* CEO Brian Dunn resigns
* Director Mike Mikan to serve as interim CEO
* Company has been losing shoppers to Amazon and discounters
* Shares fall 2.2 pct
By Dhanya Skariachan
April 10 (Reuters) - Best Buy Co Chief Executive Brian Dunn has left the world’s largest consumer electronics chain, which has struggled against stepped-up competition from internet retailers and discounters.
Under Dunn’s tenure, which lasted less than three years, critics have complained that Best Buy became a showroom for Amazon.com and other Internet retailers, with consumers going to Best Buy stores to sample electronics like high-definition televisions, but then buying them elsewhere at lower prices.
The company, seen as a bellwether in the consumer electronics industry, reported declines in same-store sales in six of the past seven quarters, including during the 2010 holiday season, when it made a bad bet on technology like 3D television that consumers did not embrace.
Despite offering bigger discounts and free shipping to lure shoppers in the 2011 holiday season, same-store sales fell 2.4 percent in the latest quarter, including a 2.2 percent decline at U.S. stores open at least 14 months.
“I hate to be rude, but I think he (Dunn) was doing a terrible job. T his is a company that had a sales guy in charge, and I just don’t think they are well positioned to deal with the onslaught from the Internet,” said Michael Pachter, analyst at Wedbush Securities.
“They have a big disadvantage to the Internet retailers because they have a big cost structure. So they need a guy who can fix that rather than trying to sell more stuff.”
Shares of Best Buy were down 2.2 percent to $22.16 in late morning trading on Tuesday, having fallen earlier in the session to $21.62, their lowest since December 2008.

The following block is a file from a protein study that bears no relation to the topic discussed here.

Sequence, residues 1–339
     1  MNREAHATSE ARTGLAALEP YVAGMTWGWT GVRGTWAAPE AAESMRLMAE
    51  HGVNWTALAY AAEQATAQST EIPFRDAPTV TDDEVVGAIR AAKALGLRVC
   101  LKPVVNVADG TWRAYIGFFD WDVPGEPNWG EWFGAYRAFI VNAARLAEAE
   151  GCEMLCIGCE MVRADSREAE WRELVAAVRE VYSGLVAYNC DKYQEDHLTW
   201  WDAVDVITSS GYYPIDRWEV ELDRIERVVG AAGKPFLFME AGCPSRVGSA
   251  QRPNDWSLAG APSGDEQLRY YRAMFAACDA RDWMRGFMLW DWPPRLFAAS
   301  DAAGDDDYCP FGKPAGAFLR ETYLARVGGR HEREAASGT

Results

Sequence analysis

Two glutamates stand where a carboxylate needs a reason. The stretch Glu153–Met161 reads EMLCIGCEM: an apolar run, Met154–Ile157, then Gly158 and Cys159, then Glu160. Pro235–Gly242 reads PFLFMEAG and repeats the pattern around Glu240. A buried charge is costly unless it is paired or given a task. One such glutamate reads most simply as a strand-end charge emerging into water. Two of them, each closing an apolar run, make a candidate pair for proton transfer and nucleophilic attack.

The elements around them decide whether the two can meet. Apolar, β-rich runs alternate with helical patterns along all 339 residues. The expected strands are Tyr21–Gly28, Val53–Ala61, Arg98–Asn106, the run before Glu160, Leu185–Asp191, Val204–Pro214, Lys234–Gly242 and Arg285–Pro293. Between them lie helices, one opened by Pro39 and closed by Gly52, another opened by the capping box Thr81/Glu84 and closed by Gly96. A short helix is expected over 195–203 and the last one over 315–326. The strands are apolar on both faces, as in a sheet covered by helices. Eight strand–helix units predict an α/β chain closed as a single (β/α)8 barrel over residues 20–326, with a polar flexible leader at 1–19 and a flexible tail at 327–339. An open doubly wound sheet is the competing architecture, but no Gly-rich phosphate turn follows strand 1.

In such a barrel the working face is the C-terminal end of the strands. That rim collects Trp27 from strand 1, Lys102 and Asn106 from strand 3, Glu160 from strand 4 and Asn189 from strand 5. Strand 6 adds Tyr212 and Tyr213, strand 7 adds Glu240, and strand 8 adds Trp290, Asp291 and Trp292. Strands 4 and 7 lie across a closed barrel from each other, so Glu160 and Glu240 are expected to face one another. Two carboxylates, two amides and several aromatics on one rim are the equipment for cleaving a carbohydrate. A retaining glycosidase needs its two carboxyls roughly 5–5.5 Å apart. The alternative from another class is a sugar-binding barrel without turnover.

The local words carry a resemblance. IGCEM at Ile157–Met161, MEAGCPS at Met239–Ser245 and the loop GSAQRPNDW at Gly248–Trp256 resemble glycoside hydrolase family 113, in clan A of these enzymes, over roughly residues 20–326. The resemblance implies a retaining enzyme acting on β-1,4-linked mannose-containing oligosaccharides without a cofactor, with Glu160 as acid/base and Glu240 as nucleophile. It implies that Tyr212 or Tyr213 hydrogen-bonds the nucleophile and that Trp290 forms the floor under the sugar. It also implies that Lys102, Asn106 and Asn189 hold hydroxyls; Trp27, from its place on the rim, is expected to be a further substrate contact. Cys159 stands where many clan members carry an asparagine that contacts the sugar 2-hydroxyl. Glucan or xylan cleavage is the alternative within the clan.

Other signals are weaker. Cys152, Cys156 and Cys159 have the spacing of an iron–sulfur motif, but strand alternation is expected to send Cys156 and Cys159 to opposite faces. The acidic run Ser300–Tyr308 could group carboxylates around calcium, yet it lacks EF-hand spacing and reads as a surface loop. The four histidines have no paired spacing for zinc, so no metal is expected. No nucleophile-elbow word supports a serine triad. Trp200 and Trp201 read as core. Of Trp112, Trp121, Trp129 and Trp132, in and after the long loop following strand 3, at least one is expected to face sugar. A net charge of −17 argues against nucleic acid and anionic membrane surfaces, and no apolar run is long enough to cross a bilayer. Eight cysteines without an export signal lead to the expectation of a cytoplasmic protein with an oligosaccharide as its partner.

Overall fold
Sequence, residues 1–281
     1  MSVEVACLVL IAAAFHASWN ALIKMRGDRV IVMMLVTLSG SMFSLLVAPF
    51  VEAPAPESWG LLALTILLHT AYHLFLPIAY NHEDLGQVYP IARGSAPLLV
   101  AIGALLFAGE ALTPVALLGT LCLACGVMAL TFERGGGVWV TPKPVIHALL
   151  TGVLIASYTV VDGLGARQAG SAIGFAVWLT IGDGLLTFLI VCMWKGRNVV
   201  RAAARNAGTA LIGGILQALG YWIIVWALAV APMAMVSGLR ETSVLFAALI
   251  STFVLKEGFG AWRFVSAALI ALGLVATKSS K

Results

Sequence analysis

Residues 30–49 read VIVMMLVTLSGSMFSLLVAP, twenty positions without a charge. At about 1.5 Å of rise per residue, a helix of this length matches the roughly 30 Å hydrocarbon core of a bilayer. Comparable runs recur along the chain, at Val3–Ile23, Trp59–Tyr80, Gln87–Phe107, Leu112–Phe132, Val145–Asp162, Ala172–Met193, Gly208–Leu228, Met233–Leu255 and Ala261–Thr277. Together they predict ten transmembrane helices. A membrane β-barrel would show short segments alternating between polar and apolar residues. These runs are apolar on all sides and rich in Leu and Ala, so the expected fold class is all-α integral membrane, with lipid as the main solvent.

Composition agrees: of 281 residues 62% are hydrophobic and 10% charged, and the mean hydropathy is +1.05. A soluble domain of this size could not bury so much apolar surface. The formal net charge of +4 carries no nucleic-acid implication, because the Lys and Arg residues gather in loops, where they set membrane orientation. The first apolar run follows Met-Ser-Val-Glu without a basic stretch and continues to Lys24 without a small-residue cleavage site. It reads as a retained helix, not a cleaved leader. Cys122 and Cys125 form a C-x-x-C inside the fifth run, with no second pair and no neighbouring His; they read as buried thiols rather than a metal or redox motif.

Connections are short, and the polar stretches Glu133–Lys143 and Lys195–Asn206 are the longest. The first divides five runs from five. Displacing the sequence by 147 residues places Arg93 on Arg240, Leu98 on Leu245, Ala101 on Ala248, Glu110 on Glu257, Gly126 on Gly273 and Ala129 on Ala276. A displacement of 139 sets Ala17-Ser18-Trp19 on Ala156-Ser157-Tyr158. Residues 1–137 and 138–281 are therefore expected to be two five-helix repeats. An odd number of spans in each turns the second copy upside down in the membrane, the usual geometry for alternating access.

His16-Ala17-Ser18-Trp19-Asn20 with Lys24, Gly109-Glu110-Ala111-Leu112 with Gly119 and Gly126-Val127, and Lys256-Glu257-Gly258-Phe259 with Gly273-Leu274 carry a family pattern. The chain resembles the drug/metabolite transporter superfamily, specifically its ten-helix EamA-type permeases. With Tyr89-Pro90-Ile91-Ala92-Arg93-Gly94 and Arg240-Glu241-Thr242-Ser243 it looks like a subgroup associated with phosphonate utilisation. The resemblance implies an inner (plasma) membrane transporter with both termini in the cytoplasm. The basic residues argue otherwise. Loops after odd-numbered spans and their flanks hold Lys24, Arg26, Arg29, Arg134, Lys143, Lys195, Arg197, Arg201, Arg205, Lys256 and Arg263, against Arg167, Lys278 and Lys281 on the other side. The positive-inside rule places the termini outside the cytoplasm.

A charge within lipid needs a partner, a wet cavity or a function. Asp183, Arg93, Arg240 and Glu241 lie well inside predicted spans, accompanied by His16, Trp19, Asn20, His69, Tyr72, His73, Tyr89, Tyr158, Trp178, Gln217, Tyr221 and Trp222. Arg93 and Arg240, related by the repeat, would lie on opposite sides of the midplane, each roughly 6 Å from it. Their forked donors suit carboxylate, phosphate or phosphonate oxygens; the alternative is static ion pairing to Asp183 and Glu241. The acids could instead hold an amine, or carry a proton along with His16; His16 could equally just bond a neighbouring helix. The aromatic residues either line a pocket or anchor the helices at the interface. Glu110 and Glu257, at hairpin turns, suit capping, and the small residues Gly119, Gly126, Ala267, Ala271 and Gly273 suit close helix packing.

The stock is down more than 32 percent since Dunn became CEO, compared with a 52.7 percent increase in the Standard & Poor’s 500 index.
In March, Best Buy announced plans to close 50 of its 1,100 big box stores and cut 400 corporate and support jobs, moves critics said were a step in the right direction but not strong enough.
“It’s been on his watch that the company has been late to address all industry upheavals, it’s been late in closing stores, and most importantly I think they’ve tossed money down the drain repurchasing shares under his watch too, cash that could have been stored on the balance sheet to address the future of increased online consumption of electronics,” said Brian Sozzi, chief equities analyst at NBG Productions.
The next chief executive will need to have experience in ecommerce or at least an understanding of how fast the retail market is changing for electronics, and also be able to make big cuts to Best Buy’s cost structure, analysts said.
“He would have been a great CEO for Best Buy ten years ago when they were in just growth mode, when they didn’t have the Amazon threat, when we had a reasonably good product cycle, and we didn’t have Apple becoming a larger and larger supplier to the consumer electronics industry,” BB&T Capital Markets analyst Anthony Chukumba said of Dunn.
Dunn started at Best Buy as a sales associate in 1985 and rose through the ranks to become CEO in June 2009.
Best Buy said director Mike Mikan will serve as interim CEO while it looks for a permanent replacement for Dunn. Mikan, who will remain on the board while serving as interim CEO, has been a Best Buy director since April 2008. He formerly served as executive vice president and chief financial officer of UnitedHealth Group Inc.
“There was mutual agreement that it was time for new leadership to address the challenges that face the company,” Best Buy said in a statement on Dunn’s departure.
Richard Schulze, the founder of Best Buy, continues to serve as chairman, the company said.
Best Buy is not the only victim of changes in the consumer electronics market. Circuit City was forced out of business in 2009 amid stepped up competition from Wal-Mart Stores Inc and other retailers, a move that for a time gave Best Buy a sales boost.